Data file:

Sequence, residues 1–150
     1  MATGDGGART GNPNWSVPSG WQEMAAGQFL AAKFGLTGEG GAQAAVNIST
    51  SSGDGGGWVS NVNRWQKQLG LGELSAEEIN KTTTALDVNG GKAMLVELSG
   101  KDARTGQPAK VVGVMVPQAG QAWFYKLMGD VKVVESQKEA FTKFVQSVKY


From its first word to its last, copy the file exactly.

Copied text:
Sequence, residues 1–150
     1  MATGDGGART GNPNWSVPSG WQEMAAGQFL AAKFGLTGEG GAQAAVNIST
    51  SSGDGGGWVS NVNRWQKQLG LGELSAEEIN KTTTALDVNG GKAMLVELSG
   101  KDARTGQPAK VVGVMVPQAG QAWFYKLMGD VKVVESQKEA FTKFVQSVKY